What was astonishing to me was the cacophony when we brought the harnesses out. Every dog went crazy. All 50 of them! All of them were basically saying, “Choose me. Choose me!”Then you would go to the assigned dog (there were also assignments for all runs), harness the dog up, always squirming, and then take the dog to the sled when you got the signal. It was honestly my favorite part of the weekend. I loved being with the dogs.

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Once you hook the dog up, and all the other dogs were hooked up too, the sign would be made, and the sleds would be off. Suddenly, all the dogs were quiet. Night and day. Until about 20 seconds before the sleds came back to the yard. Astonishing.

I got to go first on a run. I was seated in the sled itself, crossed legged since sitting on my knees is hard. The job of the person on the sled is to help steer, so you have to lean in on curves. It was so quiet as we ran through the forest. Just the panting of the dogs and the sound of their feet in the snow. At one point, we stopped on the trail and I had to run to the driver’s side to keep the sled tethered. It’s important that you hold on the sled with both hands, with your foot on the brake and the other one on the ice clamp. Those dogs want to run. I could feel the power of them while holding for dear life on the sled. The big thing is to never let go, even if you lose your footing!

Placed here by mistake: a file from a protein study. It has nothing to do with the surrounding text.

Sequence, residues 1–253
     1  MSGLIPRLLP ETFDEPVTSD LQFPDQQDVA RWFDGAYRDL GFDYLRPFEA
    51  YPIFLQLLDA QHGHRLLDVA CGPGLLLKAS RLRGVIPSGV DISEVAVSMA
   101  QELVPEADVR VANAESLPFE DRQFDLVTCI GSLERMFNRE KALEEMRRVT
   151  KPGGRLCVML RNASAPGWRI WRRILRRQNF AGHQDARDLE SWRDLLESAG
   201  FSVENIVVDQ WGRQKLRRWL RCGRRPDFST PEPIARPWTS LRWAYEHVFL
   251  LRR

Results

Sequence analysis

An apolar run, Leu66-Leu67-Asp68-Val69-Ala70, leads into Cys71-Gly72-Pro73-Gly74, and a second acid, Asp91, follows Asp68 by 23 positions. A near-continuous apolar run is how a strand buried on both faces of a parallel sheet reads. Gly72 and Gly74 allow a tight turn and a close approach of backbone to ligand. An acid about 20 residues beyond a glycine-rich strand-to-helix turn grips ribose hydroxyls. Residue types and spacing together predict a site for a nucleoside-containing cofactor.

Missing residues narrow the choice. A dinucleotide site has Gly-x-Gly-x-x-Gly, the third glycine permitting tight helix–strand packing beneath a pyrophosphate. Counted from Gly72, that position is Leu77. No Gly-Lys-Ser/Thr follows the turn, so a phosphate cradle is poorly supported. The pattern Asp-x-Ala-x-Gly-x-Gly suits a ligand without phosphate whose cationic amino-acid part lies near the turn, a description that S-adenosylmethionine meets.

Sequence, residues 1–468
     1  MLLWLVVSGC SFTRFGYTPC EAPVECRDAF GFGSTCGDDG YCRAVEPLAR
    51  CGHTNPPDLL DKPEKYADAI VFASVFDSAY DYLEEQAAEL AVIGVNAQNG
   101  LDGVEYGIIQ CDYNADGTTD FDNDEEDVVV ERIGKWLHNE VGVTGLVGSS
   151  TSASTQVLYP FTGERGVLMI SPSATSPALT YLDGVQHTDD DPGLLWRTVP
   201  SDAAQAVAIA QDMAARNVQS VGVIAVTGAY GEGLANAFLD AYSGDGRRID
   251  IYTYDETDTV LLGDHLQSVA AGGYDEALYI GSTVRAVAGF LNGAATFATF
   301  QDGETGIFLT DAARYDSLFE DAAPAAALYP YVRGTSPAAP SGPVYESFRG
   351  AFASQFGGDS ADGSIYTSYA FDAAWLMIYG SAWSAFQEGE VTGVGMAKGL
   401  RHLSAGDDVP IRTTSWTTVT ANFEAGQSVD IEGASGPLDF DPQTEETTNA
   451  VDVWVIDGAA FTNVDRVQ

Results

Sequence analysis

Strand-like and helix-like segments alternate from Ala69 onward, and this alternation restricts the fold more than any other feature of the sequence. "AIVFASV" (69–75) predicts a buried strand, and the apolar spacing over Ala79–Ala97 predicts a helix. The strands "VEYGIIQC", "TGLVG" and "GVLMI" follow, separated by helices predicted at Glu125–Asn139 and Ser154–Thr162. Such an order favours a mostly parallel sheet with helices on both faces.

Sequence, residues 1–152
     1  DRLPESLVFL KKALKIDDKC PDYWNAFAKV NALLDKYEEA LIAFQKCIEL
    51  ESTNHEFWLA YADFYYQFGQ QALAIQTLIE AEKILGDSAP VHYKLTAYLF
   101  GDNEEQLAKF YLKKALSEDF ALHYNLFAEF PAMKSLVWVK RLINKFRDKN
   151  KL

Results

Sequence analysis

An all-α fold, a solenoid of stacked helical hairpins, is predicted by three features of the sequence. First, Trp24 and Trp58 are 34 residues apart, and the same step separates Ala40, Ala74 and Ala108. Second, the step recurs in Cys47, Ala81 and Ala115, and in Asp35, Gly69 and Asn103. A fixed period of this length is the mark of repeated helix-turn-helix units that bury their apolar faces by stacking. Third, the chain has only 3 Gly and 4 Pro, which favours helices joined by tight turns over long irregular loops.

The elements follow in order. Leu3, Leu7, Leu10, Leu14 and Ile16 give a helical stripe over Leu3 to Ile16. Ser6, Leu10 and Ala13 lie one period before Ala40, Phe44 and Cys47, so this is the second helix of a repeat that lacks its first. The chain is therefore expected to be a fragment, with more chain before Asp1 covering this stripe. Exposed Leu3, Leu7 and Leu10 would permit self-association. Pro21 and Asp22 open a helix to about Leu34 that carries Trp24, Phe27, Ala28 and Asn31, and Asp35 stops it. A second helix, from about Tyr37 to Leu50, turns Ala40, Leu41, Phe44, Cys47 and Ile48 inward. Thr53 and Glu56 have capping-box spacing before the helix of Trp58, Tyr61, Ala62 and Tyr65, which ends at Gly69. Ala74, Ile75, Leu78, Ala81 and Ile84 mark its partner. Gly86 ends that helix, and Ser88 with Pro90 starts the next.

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Then we returned to the yard to unharness the dogs and get ready for the next sled ride. We harnessed the dogs each time (so the maximum number of dogs could run). I made friends with Tillie, a sweet pup who liked her belly to be rubbed, and Tahti, who loved attention.

Afterwards, we had some spare time to go snowshoeing. I was excited since this is something I had never done. Sadly, this was not a task I really enjoyed. It may have been that the snowshoes weren’t as well fitting so it made the process  more difficult. But I’m glad I have done it and am glad it was over.

Before dinner, we had to feed the dogs.  Now, the place we were staying at was very off the grid. There was no plumbing, we had to use an outhouse, another first for me. There was a hand pump for water. Also, there was solar power but we had to use our headlamps when it became dark. We had light in the cabin we were staying at but we needed to conserve it as much as possible. There was wood fires in both our cabin and the main house. We had dinner amidst candlelight, another first for me.  At the time of the dinner for the dogs, we had to use our headlamps since night had come. It was a little thrilling to be feeding them and navigating the icy snow to bring them their food. Also, due to the dark,  our flashlights reflected in the tapetum lucidum in the dogs’ eyes. The tapetum lucidum helps with night vision. Deer also have it. So you could see the green glowing eyes of 50 dogs including those in the dog truck reflect back at you.

After dinner, we talked about dogsledding. I really relished hearing from the experience Iditarod musher’s experiences! Then it was off to bed. As we were heading off, we could hear all 50 dogs begin to howl. We were told that this is how they thanked us for feeding. The experience of 50 dogs howling was simply marvelous.

That’s all for now!